"As a woman working in the marketing industry, I was continually confronted by creative briefs which referred to women as Busy Working Mum,” says Rachel Pashley, group planning head at J Walter Thompson (JWT) London.
Pashley is behind the agency’s Female Tribes insight study into women around the world, so that they may be treated by advertisers in as much complexity as men.
“When we describe men, we describe their ambition, their hopes, desires and how powerful they are. But we focused on women through a much narrower lens, focused on their parental responsibilities.”
An historic problem
Such limited representation of women has been a historic problem in advertising, says Pashley. The problem is that crude depictions have thus far been effective in selling products.
“Advertising was used to encourage women into the workplace during successive world wars. Then, in the late 40s and early 50s, laws were passed in some US states which meant that married women were banned from taking jobs which retired war veterans could occupy. So advertisers colluded with the government to create ads which would encourage women back into the home.
“The 60s saw the birth of planning and advertising research, so advertising which portrayed the domestic ideal and women in the home was seen to sell products. A system was built which perpetuated stereotypes. They worked, so there was never any impetus to change them. I’ve heard clients and people in the industry say: ‘But it sells products, so why change?’ It may sell products, but how much more could you sell?”
It is not just that brands have a social responsibility to represent women properly, reducing them to crude stereotypes will cost them money.
Pashley points to J Walter Thompson’s women’s index study, which found that 73 per cent of women polled said they make the majority of financial decisions in their household. And yet, they feel very detached from the women depicted in ads.
Brands are starting to wake up.
Unilever committed to remove sexist stereotypes from its brands’ advertising. Its own survey found that just 2 per cent of ads depict intelligent women, 3 per cent show women in managerial, leadership or professional roles, and 40 per cent of women consumers don’t identify with the characters they see on screen or in print.
JWT is trying to create a diverse and evolving vocabulary for advertisers and agencies to refer to women. “It’s about characterising female capital and the diversity of it, and recognising the value which women bring as leaders, pioneers, activists and wealth creators,” says Pashley.
Some of these tribes include “not-mums”, “social pioneers”, “teen activists” and “alpha females”. But Pashley is wary of creating just another set of lazy stereotypes.
“We call them ‘tribes’ because we work in the media industry and know the importance of creating cultural equity. When you hear the word ‘metrosexual’, you know immediately what is meant. This is about describing and clustering trends about female progress.
“The study is deliberately global, and is intended to be continuous, so it doesn’t become a blunt tool. We didn’t simply want to document the progress of rich western white women living in London. It’s about local insight. It’s easy to look at India and think ‘that’s a country where women feel disempowered.’ But eight out of the 10 major Indian banks are run by women. There are undoubtedly challenges there, but Indian women were the most optimistic about saying that it has never been a better time to be a woman.”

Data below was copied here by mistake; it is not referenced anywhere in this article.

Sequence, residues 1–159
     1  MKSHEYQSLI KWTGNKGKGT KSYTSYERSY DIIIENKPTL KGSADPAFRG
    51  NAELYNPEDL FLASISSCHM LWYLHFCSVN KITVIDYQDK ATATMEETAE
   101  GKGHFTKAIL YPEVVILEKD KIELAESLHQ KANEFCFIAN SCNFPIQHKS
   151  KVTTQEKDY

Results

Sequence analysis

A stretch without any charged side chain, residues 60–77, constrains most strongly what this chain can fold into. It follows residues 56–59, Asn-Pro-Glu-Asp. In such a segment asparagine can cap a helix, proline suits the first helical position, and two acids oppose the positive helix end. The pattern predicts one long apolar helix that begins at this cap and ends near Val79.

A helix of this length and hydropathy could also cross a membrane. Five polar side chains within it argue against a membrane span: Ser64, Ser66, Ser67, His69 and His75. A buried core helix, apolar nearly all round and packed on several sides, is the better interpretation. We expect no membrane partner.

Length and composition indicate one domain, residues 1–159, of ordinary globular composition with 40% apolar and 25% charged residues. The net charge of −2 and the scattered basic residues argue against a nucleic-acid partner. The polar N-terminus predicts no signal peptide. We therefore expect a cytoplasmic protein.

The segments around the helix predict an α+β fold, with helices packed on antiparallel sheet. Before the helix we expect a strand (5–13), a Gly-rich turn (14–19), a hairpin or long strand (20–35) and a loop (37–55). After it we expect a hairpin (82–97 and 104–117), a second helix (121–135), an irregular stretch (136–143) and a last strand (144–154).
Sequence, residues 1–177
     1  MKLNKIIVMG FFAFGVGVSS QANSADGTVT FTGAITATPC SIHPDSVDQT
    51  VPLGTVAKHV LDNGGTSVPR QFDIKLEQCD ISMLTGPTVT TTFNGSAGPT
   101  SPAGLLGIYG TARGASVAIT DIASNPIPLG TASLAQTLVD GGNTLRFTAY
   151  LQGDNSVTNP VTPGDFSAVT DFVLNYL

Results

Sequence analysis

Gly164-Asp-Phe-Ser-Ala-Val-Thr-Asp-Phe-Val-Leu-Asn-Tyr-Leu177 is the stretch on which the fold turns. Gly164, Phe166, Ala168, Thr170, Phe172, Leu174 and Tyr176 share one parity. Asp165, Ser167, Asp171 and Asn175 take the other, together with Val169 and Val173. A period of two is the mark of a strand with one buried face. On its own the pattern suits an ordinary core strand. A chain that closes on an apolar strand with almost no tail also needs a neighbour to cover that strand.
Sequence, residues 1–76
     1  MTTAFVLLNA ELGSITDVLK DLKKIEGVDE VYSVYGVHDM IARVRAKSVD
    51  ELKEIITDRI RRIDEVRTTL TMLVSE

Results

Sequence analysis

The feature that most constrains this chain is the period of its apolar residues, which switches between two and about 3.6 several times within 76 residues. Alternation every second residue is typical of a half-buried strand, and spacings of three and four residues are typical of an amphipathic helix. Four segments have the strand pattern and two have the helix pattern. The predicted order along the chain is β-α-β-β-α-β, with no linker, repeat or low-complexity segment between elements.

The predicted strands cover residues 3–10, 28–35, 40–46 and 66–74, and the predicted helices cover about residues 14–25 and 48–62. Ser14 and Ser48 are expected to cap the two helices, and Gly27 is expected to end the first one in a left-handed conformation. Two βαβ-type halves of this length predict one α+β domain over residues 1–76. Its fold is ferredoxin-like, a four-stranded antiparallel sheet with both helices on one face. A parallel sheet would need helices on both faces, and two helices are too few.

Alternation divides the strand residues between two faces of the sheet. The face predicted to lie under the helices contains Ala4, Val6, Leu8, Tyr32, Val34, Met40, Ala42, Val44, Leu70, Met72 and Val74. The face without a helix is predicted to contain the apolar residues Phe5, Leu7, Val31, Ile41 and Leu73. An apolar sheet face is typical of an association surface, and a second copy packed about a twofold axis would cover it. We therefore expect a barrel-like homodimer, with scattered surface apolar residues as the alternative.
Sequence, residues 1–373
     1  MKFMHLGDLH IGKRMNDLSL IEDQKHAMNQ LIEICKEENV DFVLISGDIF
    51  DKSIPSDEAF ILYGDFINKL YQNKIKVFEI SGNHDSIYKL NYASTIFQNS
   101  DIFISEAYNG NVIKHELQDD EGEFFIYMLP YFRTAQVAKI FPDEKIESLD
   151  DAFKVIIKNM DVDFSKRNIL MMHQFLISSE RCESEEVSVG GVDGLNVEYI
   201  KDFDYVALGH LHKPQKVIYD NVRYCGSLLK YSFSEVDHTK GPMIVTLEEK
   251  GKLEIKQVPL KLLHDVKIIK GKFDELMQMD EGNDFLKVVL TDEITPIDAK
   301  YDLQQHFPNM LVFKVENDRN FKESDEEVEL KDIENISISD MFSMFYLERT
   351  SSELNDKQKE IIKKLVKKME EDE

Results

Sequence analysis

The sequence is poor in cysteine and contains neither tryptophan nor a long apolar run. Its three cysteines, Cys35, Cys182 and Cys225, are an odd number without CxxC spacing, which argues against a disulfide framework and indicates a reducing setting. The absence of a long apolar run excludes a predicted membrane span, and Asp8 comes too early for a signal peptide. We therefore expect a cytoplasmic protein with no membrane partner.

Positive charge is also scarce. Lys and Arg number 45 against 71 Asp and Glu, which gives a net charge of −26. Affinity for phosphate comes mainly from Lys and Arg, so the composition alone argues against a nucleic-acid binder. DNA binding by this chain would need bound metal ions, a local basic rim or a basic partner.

JWT’s research shows that 86 per cent of women see feminity as a strength, not a weakness. “The worst kind of ‘fempowerment’ advertising positions women as disempowered, in order for a brand to enter stage left and save us,” says Pashley. “But half of the women questioned said they were the major breadwinner in their house. They already feel empowered.”
So how can advertisers represent women more faithfully from now on?
“Advertising should explore all the possibilities of being a woman. When you embrace that philosophy, it takes you to a very different place, creatively,” she says.
In recent years, some brands have been accused of cynicism for jumping on the idea of female empowerment, and promoting causes with catchy hashtags with the intention of boosting sales among women consumers.
“If it’s a cause, it has a shelf-life,” says Pashley. “In those cases, feminism becomes a trend for a brand, which will have an in-built expiration date. It should be something a company thinks about and embraces every single day.”
Agencies should aim to challenge their unconscious biases, she says. It could be as simple as a change in casting. “Does the doctor always have to be a male? Could it be a woman?”
Or could you use male actors in roles which have traditionally associated with women? “In France, Cillit Bang recently ran an ad where a car mechanic dances around an oily garage, cleaning as he goes. It’s a great torture test. It shows you don’t need to use the Stepford model to sell cleaning products.”
On the other side, brands should consider women’s needs properly when they think about product design, she says. “So much work to target women has been about feminising products in an inappropriate way – the ‘shrink it and pink it’ approach. If you take trainers, this has literally been the case, despite research which has shown for 20 years that women’s feet are shaped and flex differently to men’s. That’s not a cause, but its impact can be transformative.”